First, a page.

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Thanks to an active intervention program, at Whangarei Heads we really do have kiwi in our backyard.

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Threats to kiwi

At Whangarei Heads, the kiwi are winning – but they still need your help to keep their population healthy and on the rise. The most significant dangers to kiwi are uncontrolled dogs killing kiwi (adults and chicks), stoats and cats killing chicks and cars killing kiwi at night.

Uncontrolled Dogs

Throughout Northland, the number one killer of adult kiwi is uncontrolled dogs. Dogs find the smell of kiwi irresistible, and as kiwi have a very weak chest structure, even a gentle squeeze by a dog can kill a kiwi. Adult kiwi should live to breed for 50 years or more; unfortunately, in Northland, dog kills bring the average breeding life of a kiwi down to only 14 years. This is a massive loss in breeding capacity.

An adult kiwi produces an average of 2.5 chicks per year.

  • If a kiwi breeds for 50 years that’s 125 chicks
  • If kiwi only breed for 14 years that’s 35 chicks
  • That’s a loss of 90 chicks!!

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15-Dallas's Kiwi-chick-Aroha_6606

We realized the huge impact of dogs on kiwi at Whangarei Heads when we started radio tracking a sample of our kiwi and found dogs were killing many of them.

Whangarei Heads is a mosaic of landscapes with thousands of people living in and visiting this spectacular peninsula. Many of these people are dog owners.

The reason dogs are such a problem is tragically simple. Kiwi evolved as a flightless bird; because of this they have a weak chest structure. You don’t need to be a big, violent dog to be a problem for kiwi. Even a gentle, friendly dog’s playful nudge is all it takes to break a kiwi’s rib bones and puncture their lungs. And to make matters worse, kiwi naturally have a strong scent which dogs find fascinating and can easily track down.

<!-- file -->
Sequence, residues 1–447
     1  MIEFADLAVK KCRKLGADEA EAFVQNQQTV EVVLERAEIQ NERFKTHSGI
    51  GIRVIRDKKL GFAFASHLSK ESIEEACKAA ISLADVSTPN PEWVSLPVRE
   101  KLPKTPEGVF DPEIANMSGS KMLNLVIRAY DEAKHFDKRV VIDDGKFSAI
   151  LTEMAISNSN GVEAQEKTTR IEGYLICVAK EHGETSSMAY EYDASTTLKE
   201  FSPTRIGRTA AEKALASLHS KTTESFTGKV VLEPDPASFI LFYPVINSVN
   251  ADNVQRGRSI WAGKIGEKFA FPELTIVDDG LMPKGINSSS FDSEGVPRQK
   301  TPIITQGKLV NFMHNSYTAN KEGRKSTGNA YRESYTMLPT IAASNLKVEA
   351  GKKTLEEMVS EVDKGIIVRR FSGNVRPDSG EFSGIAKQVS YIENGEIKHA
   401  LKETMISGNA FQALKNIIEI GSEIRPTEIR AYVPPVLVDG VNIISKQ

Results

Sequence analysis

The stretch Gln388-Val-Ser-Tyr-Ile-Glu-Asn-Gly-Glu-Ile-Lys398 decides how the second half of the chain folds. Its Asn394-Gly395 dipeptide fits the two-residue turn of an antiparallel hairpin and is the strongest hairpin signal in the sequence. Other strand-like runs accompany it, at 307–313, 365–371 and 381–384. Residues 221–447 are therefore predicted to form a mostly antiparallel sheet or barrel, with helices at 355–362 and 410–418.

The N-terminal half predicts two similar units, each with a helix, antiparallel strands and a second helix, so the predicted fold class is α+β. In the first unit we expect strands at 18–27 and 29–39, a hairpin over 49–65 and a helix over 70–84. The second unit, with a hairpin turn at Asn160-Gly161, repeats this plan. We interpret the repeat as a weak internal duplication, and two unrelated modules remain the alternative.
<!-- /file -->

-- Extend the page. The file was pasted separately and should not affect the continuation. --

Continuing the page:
A lot of people were unaware that there were kiwi in their backyard. As a result of this need for awareness, the Backyard Kiwi emerged from the undergrowth. Find out more about the creation of the project: Connecting with Community

Through the Backyard Kiwi project people now know that there are kiwi free ranging all over Whangarei Heads, and more importantly they know that they need to control their dogs, no matter how “harmless” they might look.

Stoats and Cats

Stoats are public enemy number 1 for kiwi chicks. In untrapped areas, 95% of kiwi chicks are killed by stoats in their first six months of life. These tough, smart, killing machines have had a major impact on New Zealand’s kiwi populations. Cats kill kiwi chicks too.

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The stoat: public enemy number one The stoat: public enemy number one

At Whangarei Heads, Backyard Kiwi operates a trapping program over a 6000 hectare area to control stoats and cats. This ongoing trapping program has greatly improved chick survival and underpins the kiwi population increase. Find out more about our trapping program here.

This is a massive effort on the part of landowners and community. Without this work, we would not have achieved the phenomenal success that we all now enjoy.

Road kill

Another significant cause of kiwi deaths is road kill. We all know that killing possums on the road is practically considered a time-honoured tradition, but at Whangarei Heads, we’re leaving possum control to the traps. You never know – that animal you see on the road at night is just as likely to be a kiwi as a possum!